All Jango had wanted was a drink. He had left his armor on Slave I because he was known on Tatooine, the few jobs he’d done for Jabba the Hutt had paid well, but he had no desire to deal with the Hutts today. All he wanted was a drink. When someone ran into him just as he reached the corner he almost just kept pushing past, the people of Mos Espa were hardly worth the effort necessary to feel annoyed by them. He would have too, if it weren’t for that brief moment when the man had met his eyes and there had been a flash of something. He scanned the man. A little shorter than Jango himself, thin and worn. He carried a blaster, but it certainly wasn’t well used, he carried it as though he thought it expected of him, not so much as though he was used to using it. His clothing was clean and well kept, if not also well worn. At first glance there was nothing about him worth stopping for, but still Jango didn’t move on, because there was something. Maybe it was the sharpness of his eyes, that whispered of knowing things he couldn’t, that had seen things they shouldn’t have. That whispered of pain and suffering and more.
The silent moment was broken by the man, “Teach me to be a bounty hunter?” For the first time a real expression crossed the man’s face, although not the one that Jango would have expected, the man looked as though he was surprised to find the words coming out of his mouth.
It hardly mattered to Jango, in his opinion there was only one answer to such a brazen ridiculous request. “No.”
The man nodded, as though that was what he had expected. “Alright then. Have a good day.” Jango didn’t move and let the man move past him, turning slightly to continue watching the man as he walked away from him. Jango noted that there was a second weapon hidden along his back, noted the confidence of his walk. Maybe it was the brazenness of the request, maybe it was the fact that there was something other about the man. But Jango found that he suddenly wasn’t quite as willing to just let him walk away. It was with only half a thought that he pulled his blaster and shot at the man, nothing fatal, it would be at most a scratch. He was only a little surprised when the man moved out of the way, already turned to face him, his blaster in his hand, pointed at Jango. It had been a good draw, smooth and confident. Jango could see that while the blaster itself wasn’t well used, the man did know how to use it. But he hadn’t, and he’d have been dead if Jango had really wanted him dead.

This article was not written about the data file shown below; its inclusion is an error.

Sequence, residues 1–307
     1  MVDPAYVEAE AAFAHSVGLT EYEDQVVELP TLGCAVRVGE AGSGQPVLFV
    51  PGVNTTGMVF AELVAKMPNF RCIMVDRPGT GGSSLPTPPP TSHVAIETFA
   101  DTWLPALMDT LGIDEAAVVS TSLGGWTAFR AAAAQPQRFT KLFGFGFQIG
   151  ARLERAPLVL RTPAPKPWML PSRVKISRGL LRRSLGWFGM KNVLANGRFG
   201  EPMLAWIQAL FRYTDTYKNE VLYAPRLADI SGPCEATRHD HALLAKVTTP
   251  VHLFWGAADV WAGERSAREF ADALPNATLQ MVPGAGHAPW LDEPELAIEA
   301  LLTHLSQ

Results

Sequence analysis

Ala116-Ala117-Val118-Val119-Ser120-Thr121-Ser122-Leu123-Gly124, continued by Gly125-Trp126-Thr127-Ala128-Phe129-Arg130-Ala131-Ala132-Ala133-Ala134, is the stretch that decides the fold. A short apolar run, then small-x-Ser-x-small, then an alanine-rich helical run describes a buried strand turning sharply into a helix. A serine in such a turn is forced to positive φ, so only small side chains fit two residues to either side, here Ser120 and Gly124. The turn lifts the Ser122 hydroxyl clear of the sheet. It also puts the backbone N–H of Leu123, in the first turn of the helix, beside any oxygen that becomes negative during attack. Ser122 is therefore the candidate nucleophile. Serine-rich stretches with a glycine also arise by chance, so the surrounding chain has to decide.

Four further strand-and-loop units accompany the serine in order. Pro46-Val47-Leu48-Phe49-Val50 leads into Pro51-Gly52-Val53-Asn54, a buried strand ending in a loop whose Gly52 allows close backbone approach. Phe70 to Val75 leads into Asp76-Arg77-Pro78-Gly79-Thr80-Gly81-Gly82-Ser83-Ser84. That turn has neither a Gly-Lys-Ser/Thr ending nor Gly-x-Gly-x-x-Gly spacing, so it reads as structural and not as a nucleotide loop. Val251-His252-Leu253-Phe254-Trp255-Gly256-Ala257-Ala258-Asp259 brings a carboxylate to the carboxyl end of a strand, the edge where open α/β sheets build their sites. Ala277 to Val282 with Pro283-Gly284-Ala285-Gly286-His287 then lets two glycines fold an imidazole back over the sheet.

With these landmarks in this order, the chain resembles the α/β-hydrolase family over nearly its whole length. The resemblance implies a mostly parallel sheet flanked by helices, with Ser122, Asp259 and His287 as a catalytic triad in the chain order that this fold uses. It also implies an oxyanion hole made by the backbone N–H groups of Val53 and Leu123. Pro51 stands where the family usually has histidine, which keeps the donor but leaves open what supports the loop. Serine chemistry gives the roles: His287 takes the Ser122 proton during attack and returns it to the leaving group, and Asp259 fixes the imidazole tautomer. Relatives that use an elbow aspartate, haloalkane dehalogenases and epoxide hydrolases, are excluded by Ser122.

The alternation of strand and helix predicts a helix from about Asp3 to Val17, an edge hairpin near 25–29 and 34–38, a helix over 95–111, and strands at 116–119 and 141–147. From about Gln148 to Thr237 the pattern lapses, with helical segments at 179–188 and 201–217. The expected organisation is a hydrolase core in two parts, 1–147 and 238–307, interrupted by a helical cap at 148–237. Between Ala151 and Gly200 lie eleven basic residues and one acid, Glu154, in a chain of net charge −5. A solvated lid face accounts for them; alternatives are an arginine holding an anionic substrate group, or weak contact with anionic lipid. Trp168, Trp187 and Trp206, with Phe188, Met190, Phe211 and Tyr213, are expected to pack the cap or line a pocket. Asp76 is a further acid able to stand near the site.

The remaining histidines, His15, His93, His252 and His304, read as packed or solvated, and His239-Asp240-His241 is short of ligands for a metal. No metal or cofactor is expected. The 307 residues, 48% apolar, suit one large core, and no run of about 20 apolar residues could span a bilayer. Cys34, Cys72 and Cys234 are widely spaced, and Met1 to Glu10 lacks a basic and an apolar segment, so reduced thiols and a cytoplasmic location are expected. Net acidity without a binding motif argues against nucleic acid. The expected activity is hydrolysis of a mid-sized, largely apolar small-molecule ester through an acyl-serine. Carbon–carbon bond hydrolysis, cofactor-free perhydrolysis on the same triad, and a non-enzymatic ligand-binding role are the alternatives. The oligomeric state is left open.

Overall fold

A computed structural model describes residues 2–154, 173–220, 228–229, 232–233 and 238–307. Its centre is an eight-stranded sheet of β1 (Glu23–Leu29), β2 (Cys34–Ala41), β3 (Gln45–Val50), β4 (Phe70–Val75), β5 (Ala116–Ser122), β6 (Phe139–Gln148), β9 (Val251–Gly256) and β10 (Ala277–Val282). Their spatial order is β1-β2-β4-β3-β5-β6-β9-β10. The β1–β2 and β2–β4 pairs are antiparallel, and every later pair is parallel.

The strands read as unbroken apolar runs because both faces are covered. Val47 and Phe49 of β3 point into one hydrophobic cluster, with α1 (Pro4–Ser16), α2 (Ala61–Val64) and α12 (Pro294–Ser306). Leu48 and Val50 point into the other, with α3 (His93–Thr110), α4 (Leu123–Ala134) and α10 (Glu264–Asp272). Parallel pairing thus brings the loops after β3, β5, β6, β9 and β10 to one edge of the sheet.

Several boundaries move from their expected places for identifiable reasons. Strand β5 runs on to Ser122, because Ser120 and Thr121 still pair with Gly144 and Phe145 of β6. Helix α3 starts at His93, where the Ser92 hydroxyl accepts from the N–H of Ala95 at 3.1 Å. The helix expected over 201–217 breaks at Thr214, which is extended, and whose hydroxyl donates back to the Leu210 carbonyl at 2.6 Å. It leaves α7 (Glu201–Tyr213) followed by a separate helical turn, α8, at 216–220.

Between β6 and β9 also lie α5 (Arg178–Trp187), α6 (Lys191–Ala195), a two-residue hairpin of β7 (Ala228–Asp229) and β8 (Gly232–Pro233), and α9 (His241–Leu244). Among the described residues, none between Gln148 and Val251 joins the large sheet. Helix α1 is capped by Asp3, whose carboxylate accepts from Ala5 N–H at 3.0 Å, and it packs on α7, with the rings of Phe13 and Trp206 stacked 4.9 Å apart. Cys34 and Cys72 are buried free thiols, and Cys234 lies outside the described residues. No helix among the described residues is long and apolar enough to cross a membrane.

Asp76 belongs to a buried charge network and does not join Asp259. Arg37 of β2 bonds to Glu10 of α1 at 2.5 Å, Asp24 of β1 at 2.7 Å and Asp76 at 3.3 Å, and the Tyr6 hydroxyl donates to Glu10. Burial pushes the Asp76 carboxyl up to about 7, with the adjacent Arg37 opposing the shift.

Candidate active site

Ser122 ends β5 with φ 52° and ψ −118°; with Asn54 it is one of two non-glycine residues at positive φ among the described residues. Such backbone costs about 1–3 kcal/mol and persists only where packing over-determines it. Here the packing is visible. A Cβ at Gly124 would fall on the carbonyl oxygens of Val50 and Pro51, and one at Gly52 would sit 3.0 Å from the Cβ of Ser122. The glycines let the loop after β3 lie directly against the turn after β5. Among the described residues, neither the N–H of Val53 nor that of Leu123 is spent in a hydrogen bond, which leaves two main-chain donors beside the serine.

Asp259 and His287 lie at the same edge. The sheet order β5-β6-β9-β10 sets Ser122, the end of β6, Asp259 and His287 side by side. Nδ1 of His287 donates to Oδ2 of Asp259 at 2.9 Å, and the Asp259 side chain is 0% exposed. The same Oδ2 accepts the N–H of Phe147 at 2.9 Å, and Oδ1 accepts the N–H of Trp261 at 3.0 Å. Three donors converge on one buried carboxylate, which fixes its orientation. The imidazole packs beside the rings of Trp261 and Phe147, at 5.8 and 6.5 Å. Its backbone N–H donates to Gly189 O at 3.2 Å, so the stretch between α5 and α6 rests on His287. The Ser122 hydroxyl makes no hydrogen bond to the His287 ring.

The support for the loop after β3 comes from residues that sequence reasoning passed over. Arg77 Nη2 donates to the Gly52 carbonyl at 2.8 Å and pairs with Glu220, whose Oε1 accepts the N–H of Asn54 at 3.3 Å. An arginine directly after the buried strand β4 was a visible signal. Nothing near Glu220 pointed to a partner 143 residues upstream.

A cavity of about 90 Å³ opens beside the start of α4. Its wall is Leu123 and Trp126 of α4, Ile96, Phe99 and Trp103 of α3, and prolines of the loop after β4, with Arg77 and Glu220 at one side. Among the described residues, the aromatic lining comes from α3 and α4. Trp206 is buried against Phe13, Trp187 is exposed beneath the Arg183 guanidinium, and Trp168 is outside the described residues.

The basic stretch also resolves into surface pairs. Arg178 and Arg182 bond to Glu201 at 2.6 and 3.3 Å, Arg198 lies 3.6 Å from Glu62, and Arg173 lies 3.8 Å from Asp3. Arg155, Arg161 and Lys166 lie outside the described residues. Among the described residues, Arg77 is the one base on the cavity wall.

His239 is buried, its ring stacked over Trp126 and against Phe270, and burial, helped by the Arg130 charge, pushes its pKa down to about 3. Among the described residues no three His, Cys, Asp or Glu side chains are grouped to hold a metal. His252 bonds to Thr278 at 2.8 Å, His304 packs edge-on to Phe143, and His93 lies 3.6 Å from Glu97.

“You should have shot back.” He told him.
“I figured you were making a point. If you really wanted me dead you’d have done a lot more than shoot at my shoulder.” The man responded wryly, Jango rewarded him with a second shot at his shoulder. The man threw himself out of the way of the shot, this time returning fire. Jango had half expected that he would and had stepped and shifted out of the way. The man was either an awful shot, or was returning the favor of not actually trying to kill him.
“You’d make an awful bounty hunter.” He told the man. The man who wouldn’t shoot first, the man who put fair play before survival.
That man wouldn’t survive as a bounty hunter. A strangely wry smile crossed the man’s face at his words.
“Yes, well, I hardly see how that matters now.” The words, ‘you already said no.’ went unsaid.